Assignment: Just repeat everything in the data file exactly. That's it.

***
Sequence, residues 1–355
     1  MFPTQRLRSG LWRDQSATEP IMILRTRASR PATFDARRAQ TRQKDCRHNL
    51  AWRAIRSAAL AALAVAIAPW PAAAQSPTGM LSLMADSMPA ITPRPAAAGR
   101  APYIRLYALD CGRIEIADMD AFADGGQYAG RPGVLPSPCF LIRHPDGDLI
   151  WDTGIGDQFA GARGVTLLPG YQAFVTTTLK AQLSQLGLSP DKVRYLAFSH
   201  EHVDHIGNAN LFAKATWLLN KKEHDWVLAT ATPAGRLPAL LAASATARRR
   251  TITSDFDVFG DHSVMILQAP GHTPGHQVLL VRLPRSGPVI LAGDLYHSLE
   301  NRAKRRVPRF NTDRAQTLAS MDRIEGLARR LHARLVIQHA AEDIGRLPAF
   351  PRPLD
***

Sequence, residues 1–355
     1  MFPTQRLRSG LWRDQSATEP IMILRTRASR PATFDARRAQ TRQKDCRHNL
    51  AWRAIRSAAL AALAVAIAPW PAAAQSPTGM LSLMADSMPA ITPRPAAAGR
   101  APYIRLYALD CGRIEIADMD AFADGGQYAG RPGVLPSPCF LIRHPDGDLI
   151  WDTGIGDQFA GARGVTLLPG YQAFVTTTLK AQLSQLGLSP DKVRYLAFSH
   201  EHVDHIGNAN LFAKATWLLN KKEHDWVLAT ATPAGRLPAL LAASATARRR
   251  TITSDFDVFG DHSVMILQAP GHTPGHQVLL VRLPRSGPVI LAGDLYHSLE
   301  NRAKRRVPRF NTDRAQTLAS MDRIEGLARR LHARLVIQHA AEDIGRLPAF
   351  PRPLD